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Obesity in Pets - What Can You Do?

Is your pet overweight or even obese? Obesity in pets is an epidemic that mirrors the problem in the human population. Data gathered in 2002 by the American Veterinary Medical Association showed that 40% of pet dogs in the United States were either overweight or obese. More recent data gathered about middle aged pets (those between 5 and 12 years of age) suggests that in this group, the number is 50% or higher. Unfortunately, many pet owners do not recognize that their pet is not in ideal body condition.

Obesity is harmful to the health of your pet dog or cat. When pets are obese, their fat cells actually product substances that increase inflammation within the body. This is especially detrimental within the joints and can contribute to the breakdown of healthy joint cartilage. In some breeds of dogs, this excess weight can contribute to orthopedic problems such as ruptured cruciate ligaments in the knees and disk disease in the back. These problems require surgical correction and recovery is more difficult because of the extra weight that the dog is carrying.

Overweight and obese cats are more likely to develop diabetes than cats that are in ideal body condition. This occurs because the fat cells in obese cats produce a hormone that is responsible for the inability of the body to properly respond to insulin, the hormone that regulates blood sugar levels. Just like overweight humans, overweight cats can develop diabetes that is responsive to weight reduction and dietary management. These cats may not require insulin therapy once their weight is decreased.

So, what is the best approach to managing your pet’s body condition? The first step is to enlist the help of your veterinarian. Your veterinarian can teach you how to evaluate your pet’s body condition. The ideal is lean body condition. Because we are so accustomed to seeing our overweight pets, we may think that our overweight pets are ideal and our pets that are in perfect body condition are too “skinny”. The ribs should not be visible, but should be very easily felt when running your hands along your pet’s ribcage. From the side, your pet should have a tucked up abdomen (no flab hanging down from that kitty’s belly) and if your pet is standing up and you are looking down on them, there should be an obvious waist between the end of the ribcage and the beginning of the hips. If your pet is found to be above the ideal body condition score, your veterinarian can help by calculating the required calorie intake for your pet to achieve the ideal condition. The point that is critical to understand is that on a 9 point body condition scale, a 5 is ideal and every point above 5 indicates a 10-15% increase over ideal. Obesity is diagnosed when a pet is more than 20% over ideal and it is quite possible that pets are not recognized as obese when they truly are.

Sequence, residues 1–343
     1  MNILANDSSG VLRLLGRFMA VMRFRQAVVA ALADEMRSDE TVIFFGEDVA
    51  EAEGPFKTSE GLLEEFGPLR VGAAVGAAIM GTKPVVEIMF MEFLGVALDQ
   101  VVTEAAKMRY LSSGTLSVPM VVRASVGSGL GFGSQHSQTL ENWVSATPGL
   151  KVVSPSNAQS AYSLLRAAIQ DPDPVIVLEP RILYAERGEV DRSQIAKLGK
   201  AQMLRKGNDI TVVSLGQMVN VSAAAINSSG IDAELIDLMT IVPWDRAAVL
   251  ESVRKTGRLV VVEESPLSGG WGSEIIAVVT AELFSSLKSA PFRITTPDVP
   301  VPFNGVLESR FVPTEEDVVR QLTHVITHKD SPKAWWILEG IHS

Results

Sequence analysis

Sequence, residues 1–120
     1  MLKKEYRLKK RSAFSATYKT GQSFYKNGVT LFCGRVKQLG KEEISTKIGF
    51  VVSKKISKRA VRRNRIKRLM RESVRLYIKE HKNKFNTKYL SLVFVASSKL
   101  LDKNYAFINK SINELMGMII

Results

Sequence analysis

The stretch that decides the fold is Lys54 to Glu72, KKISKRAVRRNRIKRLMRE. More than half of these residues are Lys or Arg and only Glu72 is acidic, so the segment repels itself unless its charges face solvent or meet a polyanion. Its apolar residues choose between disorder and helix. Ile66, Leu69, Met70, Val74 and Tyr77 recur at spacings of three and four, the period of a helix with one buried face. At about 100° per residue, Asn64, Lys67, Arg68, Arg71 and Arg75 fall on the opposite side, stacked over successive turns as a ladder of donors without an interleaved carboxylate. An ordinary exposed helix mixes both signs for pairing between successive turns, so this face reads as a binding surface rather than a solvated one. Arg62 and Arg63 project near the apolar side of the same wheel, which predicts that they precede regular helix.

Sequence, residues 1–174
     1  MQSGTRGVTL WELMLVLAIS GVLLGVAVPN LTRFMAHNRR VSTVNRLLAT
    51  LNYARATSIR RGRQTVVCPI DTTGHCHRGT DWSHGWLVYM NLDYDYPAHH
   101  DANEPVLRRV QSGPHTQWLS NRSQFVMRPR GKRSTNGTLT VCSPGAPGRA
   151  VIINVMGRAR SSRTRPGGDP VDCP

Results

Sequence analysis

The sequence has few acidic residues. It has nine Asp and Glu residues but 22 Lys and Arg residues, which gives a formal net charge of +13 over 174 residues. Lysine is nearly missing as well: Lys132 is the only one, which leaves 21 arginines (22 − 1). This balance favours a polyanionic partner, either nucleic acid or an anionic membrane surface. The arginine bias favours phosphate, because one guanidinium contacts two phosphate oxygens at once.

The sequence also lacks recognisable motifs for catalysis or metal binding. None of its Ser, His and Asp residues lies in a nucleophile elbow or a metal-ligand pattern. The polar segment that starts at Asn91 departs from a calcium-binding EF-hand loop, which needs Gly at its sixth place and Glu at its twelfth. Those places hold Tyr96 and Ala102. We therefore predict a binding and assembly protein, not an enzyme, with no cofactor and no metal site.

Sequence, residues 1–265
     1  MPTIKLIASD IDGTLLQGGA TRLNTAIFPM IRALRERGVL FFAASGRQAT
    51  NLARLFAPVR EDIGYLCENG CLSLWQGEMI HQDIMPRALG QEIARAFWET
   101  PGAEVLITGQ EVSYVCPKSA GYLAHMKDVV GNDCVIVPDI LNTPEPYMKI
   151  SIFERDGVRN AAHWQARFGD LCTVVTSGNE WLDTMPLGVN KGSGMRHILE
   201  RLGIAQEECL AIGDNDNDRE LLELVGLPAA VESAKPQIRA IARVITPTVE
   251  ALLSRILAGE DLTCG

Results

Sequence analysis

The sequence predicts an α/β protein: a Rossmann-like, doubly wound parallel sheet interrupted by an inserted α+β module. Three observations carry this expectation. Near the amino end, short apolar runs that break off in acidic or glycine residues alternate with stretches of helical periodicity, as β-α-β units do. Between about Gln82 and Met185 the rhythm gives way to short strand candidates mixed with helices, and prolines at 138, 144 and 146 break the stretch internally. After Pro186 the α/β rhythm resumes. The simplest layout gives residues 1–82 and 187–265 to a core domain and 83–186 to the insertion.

Modification of your pet’s diet, along with increased activity, should help your pet return to a healthier condition in short order. It is very important for you to record all foods that are being fed to your pet, and I mean ALL! Weight gain occurs when calories that enter the body are greater than calories that are being utilized. This is a simple concept that seems to be quite difficult to understand. Your veterinarian will be able to calculate the proper number of calories that your pet should consume in order to lose weight. Unfortunately, this number may need to be modified to individualize the program to your pet so be patient if immediate success is not achieved. Diet change to a low calorie, weight-reducing diet will likely be necessary to achieve desired results. High protein, low carbohydrate formulas are especially useful for weight management in cats, but may also help overweight dogs.

Increasing your pet’s activity is very beneficial. However, some pets are so overweight, that any exercise is a real challenge. In some areas, water therapy and water exercise might be an option. Sometimes diet and exercise need just a little help. Well, help will soon be available in the form of new medication. Slentrol, being launched by Pfizer Animal Health, worked in a clinical trial (combined with diet and exercise) to reduce weight by 11% in one half of the participating dogs. It is important to change your dog’s diet prior to beginning the medication. Slentrol suppresses your dog’s appetite and will decrease food intake by 50%. In most dogs, it did cause vomiting, but this side effect was usually mild and limited to one or two episodes. Also, many of the dogs in clinical trials did have mild liver enzyme elevation, which resolved when the medication was discontinued. Your dog should receive a complete physical examination and prescreening labwork prior to beginning the medication. The therapy can continue for up to a year.

Please note that this information does not replace professional veterinary care. It is solely for educational purposes. Your pet's medical condition should be evaluated by a veterinarian before any medical decisions are implemented. If there is a potentially life-threatening emergency involving your pet, take your pet to a veterinarian or veterinary facility immediately.

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